Keeping Your (fish tank) Cool
During summer months, overheating can be a serious problem for our aquarium fish. Thankfully there are a number of simple, cheap solutions as well as a few more reliable high-tech methods to cool your aquarium.
The trouble with overheating fish-tanksMost tropical fish will live happily in water with a temperature of 24-26C, with some preferring a few degrees either side. In a heat wave lasting a few days, aquarium temperature can rise quickly to over 30C and at this temperature many fish will start to run into trouble. At higher temperatures, oxygen is reduced in water and this is what causes many fish suffer, along with general exhaustion and discomfort. In serious cases high temperatures will cause fish deaths, or stress leading to disease.
What not to doMany fish keepers first instincts are to turn the heater off and carry out a large water change to cool the aquarium. These are in fact two of the worst things to do. Heaters have a built in thermostat and will switch themselves off when the temperature rises above of the set range, so switching off the heater will have no cooling effect. If the heater has been switched off, the water temperature could even become too cold at night, creating a greater day-night fluctuation and causing more harm to your fish.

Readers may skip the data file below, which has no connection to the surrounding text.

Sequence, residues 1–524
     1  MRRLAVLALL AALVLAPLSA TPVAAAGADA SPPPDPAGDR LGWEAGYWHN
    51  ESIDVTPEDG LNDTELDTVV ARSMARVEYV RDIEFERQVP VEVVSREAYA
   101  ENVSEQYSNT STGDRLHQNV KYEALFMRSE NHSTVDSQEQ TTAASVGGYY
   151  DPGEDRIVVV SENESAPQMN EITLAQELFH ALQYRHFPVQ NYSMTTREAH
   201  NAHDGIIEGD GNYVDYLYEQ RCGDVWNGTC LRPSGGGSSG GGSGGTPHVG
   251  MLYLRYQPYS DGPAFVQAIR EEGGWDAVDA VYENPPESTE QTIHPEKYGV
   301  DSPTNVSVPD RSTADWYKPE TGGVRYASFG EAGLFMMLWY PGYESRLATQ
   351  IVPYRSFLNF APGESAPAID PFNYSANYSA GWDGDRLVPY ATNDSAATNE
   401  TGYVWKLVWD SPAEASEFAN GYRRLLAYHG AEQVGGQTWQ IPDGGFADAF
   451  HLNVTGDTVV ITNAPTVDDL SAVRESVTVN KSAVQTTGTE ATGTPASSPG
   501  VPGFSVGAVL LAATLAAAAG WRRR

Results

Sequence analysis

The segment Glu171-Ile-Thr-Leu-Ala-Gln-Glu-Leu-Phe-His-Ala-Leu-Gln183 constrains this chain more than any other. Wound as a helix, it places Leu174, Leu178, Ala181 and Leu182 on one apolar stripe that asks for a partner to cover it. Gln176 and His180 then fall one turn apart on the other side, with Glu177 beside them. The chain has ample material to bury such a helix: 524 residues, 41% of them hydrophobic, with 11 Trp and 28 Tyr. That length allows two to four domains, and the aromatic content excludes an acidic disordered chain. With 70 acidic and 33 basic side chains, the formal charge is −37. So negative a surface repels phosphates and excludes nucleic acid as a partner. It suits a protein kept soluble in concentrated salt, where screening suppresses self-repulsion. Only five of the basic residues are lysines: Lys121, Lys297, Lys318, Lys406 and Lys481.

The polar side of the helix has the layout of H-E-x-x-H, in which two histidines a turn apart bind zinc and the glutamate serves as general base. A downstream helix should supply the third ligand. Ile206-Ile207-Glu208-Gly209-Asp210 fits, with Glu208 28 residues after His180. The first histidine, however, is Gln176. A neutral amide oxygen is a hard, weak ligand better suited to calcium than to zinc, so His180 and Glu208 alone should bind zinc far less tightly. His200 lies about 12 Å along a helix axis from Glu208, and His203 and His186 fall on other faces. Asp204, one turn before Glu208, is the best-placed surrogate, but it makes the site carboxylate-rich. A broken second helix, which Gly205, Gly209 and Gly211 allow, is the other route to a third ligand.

Carrying out a big water change with cold water can lower the temperature too quickly, again causing stress to your fish and even killing filter bacteria, so should be avoided as a method of cooling. Whilst smaller water changes can be used to drop the temperature slightly, you would need to do several small changes a day to keep temperature down without causing a rapid change each time.